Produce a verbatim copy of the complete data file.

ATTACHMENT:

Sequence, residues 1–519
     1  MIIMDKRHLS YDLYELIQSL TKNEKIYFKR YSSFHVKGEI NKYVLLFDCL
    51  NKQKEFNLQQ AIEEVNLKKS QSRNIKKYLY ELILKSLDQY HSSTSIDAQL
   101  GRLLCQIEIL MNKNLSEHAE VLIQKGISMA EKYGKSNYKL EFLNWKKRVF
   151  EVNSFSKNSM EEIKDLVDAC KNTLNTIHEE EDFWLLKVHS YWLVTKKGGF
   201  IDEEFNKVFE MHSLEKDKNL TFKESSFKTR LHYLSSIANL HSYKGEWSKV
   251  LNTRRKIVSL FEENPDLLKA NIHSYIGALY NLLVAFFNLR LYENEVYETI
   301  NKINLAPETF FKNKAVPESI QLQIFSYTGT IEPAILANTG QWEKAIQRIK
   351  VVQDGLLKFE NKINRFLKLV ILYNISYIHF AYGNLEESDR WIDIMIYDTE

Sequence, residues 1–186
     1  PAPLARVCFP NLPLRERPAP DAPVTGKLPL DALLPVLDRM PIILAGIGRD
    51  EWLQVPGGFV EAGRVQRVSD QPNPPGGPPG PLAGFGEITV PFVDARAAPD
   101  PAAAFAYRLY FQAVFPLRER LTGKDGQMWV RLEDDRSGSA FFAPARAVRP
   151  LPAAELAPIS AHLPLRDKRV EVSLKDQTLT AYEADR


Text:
Sequence, residues 1–519
     1  MIIMDKRHLS YDLYELIQSL TKNEKIYFKR YSSFHVKGEI NKYVLLFDCL
    51  NKQKEFNLQQ AIEEVNLKKS QSRNIKKYLY ELILKSLDQY HSSTSIDAQL
   101  GRLLCQIEIL MNKNLSEHAE VLIQKGISMA EKYGKSNYKL EFLNWKKRVF
   151  EVNSFSKNSM EEIKDLVDAC KNTLNTIHEE EDFWLLKVHS YWLVTKKGGF
   201  IDEEFNKVFE MHSLEKDKNL TFKESSFKTR LHYLSSIANL HSYKGEWSKV
   251  LNTRRKIVSL FEENPDLLKA NIHSYIGALY NLLVAFFNLR LYENEVYETI
   301  NKINLAPETF FKNKAVPESI QLQIFSYTGT IEPAILANTG QWEKAIQRIK
   351  VVQDGLLKFE NKINRFLKLV ILYNISYIHF AYGNLEESDR WIDIMIYDTE

Sequence, residues 1–186
     1  PAPLARVCFP NLPLRERPAP DAPVTGKLPL DALLPVLDRM PIILAGIGRD
    51  EWLQVPGGFV EAGRVQRVSD QPNPPGGPPG PLAGFGEITV PFVDARAAPD
   101  PAAAFAYRLY FQAVFPLRER LTGKDGQMWV RLEDDRSGSA FFAPARAVRP
   151  LPAAELAPIS AHLPLRDKRV EVSLKDQTLT AYEADR